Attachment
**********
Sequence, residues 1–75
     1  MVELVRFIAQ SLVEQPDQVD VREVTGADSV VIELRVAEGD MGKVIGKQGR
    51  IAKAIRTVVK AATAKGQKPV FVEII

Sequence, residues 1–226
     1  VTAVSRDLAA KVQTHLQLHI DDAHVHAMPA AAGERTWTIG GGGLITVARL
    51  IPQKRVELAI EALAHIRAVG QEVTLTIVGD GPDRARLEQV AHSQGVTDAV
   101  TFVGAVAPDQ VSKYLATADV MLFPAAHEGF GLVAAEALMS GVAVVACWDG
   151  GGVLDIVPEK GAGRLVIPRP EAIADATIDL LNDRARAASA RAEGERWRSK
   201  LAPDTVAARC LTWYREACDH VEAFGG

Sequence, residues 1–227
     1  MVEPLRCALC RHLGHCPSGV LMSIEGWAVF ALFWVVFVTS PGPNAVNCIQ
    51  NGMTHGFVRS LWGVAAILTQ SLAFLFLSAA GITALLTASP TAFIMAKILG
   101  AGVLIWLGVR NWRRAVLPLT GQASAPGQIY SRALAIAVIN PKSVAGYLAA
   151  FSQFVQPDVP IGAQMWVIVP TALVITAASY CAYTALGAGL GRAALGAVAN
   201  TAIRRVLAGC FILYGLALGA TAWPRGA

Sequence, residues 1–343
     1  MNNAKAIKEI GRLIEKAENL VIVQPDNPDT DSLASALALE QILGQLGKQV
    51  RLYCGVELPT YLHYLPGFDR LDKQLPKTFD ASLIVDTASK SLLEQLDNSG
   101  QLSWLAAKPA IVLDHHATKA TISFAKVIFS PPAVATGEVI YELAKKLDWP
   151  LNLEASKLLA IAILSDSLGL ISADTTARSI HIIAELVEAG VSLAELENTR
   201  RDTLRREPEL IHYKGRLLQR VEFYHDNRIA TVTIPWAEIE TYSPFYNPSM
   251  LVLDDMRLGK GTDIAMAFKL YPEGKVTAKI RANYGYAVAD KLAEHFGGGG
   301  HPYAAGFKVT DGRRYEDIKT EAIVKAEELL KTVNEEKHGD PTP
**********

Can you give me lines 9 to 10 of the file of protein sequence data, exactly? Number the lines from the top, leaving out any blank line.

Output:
   201  LAPDTVAARC LTWYREACDH VEAFGG

Sequence, residues 1–227